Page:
10. FINGERPRINT SENSORS MIGHT WORK FOR YOUR PETS, TOO.

Image Credit: cloudzilla via Wikimedia Commons // CC BY 2.0

Apple created quite a buzz in 2013 when it introduced a fingerprint-coded screen lock with the iPhone 5s. Some of that buzz soon focused on cats, however, after a TechCrunch writer “commandeer[ed] a cat” and used its toe pad to create a new profile. “The cat’s paw worked,” he wrote, “and while it encountered more frequent failures than did a fingerprint, it was able to unlock the phone again repeatedly when positioned correctly on the sensor.”

11. MARK TWAIN ANTICIPATED THE VALUE OF FINGERPRINT EVIDENCE.

Two of the author’s books, Life on the Mississippi and Pudd’n Head Wilson, feature the use of fingerprints to nab criminals. Twain’s focus on fingerprinting was incredibly prescient; the books were published in 1883 and 1893, respectively, but U.S. officials wouldn’t implement fingerprinting practices here until the early 20th century. 

12. WORLD WAR II SAW A BOOM IN FINGERPRINT COLLECTION.

Wartime vigilance meant that the FBI was collecting more prints than ever before, from soldiers, foreign agents, and military suppliers, as well as draft dodgers and potential spies. By 1943, the collection included more than 70 million prints. To manage the explosion of information, the agency moved to a big warehouse (nicknamed the “Fingerprint Factory”) and hired and trained thousands of women to sort prints 10 hours a day, six days a week. 

13. THERE HAVE BEEN SEVERAL CASES OF MASS FINGERPRINTING.

In desperate times, British police have resorted to desperate measures. The shocking murder of a three-year-old girl in 1948 inspired officials to demand prints from more than 40,000 local men. Even with all those prints, they failed to find a match—until they tracked down the 200 men who had failed to produce prints. Among them, they found their culprit. Since then, despite protestations from Britain’s National Council for Civil Liberties, the police have conducted several mass print collections, several of which were successful. 

That sort of thing doesn’t go over too well in the United States, but it has been done. The Fourth Amendment restricts the use of fingerprint collection to “reasonable” identification of persons of interest in criminal cases. Law enforcement officers could get around this if they chose, but it wouldn’t be a popular move.

14. THE FBI STORES EVERYBODY’S PRINTS TOGETHER.

If you’ve ever applied for a teaching job, the police force, or any government position, the FBI has your fingerprints—and they’re treating them like a criminal’s. In 2015, the agency announced that they were melding their criminal and civil fingerprint databases. They also decided to make all files searchable for potential culprits.

15. THE MICROBIOME IS THE NEW FINGERPRINT.

Like the whorls and loops of your fingerprints, the tiny ecosystems in and on your body are yours and yours alone. The collective DNA of the bacteria, fungi, and viruses that make up your microbiome is a huge repository of information about your health, environment, diet, and genetics—and it’s completely unique. Forensic scientists are currently exploring the possibility of using microbiomes for identification, and testimony based on microbial forensic techniques has already been admitted in some U.S. courts.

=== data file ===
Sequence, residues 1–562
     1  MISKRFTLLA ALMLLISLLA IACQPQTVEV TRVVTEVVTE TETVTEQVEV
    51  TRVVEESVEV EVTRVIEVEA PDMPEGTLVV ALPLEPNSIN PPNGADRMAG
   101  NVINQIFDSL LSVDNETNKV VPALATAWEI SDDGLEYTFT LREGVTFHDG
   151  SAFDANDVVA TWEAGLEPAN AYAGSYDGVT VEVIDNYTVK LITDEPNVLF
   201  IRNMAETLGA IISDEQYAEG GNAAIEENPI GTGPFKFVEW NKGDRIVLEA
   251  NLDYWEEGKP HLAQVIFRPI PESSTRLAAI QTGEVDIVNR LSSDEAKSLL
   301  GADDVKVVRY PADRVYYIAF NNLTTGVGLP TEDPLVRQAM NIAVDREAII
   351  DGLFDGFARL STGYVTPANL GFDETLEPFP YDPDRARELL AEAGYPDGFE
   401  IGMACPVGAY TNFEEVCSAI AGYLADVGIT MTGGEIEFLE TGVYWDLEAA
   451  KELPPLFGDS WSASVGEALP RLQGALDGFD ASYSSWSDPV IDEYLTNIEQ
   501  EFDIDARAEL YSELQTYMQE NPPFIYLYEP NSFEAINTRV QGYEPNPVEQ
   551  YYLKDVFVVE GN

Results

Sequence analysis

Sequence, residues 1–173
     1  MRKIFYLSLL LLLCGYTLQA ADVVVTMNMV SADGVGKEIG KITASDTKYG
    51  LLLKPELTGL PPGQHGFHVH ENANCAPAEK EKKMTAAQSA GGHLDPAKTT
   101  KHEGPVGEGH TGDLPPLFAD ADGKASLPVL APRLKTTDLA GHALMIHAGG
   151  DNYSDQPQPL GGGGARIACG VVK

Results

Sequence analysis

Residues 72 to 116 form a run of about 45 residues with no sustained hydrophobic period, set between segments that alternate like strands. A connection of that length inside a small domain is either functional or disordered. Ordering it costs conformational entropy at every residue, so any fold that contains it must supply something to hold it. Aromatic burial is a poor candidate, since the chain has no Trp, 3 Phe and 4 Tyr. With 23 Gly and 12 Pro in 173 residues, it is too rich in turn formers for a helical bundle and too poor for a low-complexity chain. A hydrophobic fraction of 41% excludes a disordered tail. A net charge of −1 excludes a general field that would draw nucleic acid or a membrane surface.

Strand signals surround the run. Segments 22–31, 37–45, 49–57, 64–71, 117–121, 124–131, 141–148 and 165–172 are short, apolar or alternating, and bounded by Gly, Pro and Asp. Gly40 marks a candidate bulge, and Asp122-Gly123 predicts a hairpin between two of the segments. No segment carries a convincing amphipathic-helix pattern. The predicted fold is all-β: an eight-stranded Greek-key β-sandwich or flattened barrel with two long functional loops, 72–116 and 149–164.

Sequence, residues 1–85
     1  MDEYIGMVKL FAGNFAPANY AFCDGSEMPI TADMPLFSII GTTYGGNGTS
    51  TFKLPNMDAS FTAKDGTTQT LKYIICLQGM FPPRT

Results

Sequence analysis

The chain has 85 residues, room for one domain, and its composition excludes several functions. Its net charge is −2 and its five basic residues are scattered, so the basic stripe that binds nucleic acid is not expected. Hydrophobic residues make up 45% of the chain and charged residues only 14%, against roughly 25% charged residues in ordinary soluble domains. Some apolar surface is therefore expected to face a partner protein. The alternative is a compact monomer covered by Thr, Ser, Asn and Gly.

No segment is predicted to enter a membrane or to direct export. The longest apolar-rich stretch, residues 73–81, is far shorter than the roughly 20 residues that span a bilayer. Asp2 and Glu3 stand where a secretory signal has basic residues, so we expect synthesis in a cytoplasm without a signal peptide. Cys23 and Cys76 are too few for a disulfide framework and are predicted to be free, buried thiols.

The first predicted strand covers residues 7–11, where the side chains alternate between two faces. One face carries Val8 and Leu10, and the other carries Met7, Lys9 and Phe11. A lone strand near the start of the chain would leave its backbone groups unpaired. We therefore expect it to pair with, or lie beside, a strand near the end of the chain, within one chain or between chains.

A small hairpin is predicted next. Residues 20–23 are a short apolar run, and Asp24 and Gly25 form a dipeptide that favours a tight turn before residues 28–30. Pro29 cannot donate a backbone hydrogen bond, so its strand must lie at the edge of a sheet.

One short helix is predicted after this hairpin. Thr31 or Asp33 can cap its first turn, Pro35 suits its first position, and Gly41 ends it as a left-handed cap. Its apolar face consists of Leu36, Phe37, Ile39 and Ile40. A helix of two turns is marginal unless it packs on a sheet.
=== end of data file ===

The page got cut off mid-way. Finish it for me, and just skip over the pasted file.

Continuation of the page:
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Shout! Factory
10 Surprising Facts About Mr. Mom
Shout! Factory
Shout! Factory

John Hughes penned the script for 1983's Mr. Mom, a comedy about a family man named Jack Butler (Micheal Keaton) who loses his job. To ensure their three kids are taken care of, his wife, Caroline (Teri Garr), goes back to work—leaving Jack to fight off a vacuum cleaner and learn why it's never a good idea to feed chili to a baby.

In 1982, Keaton turned in a star-making role in Ron Howard’s Night Shift, but Mr. Mom marked the first time he headlined a movie, and it launched his career. Hughes had written National Lampoon's Vacation, which—oddly enough—was released in theaters the weekend after Mr. Mom. But Hughes himself was still a relative unknown, as it would be another year before he entered the teen flick phase of his career, which would make him iconic.

In the meantime, Mr. Mom hit home for a lot of viewers, as the economy was on the downturn and more and more women were entering (or reentering) the workforce. But some people think that the movie's ending—which sees the couple revert to traditional gender roles—sidelined the movie's message. Still, on the 35th anniversary of its release, Mr. Mom remains an ahead-of-its-time comedy classic.

1. IT'S BASED ON A TRUE STORY.

Mr. Mom producer Lauren Shuler Donner came across a funny article John Hughes had written for National Lampoon. Based on that, she contacted him and the two became friends. “One day, he was telling me that his wife had gone down to Arizona and he was in charge of the two boys and he didn’t know what he was doing,” Donner told IGN. “It was hilarious! I was on the floor laughing. He said, ‘Do you think this would make a good movie?’ And I said, ‘Yeah, this is really funny.’ So he said, ‘Well, I have about 80 pages in a drawer. Would you look at it?’ So I looked at it and I said, ‘This is great! Let’s do it!’ We kind of developed it ourselves.” In the book Movie Moguls Speak, Donner mentioned how Hughes “had never been to a grocery store, he had never operated a vacuum cleaner. John was so ignorant, that in his ignorance, he was hilarious.”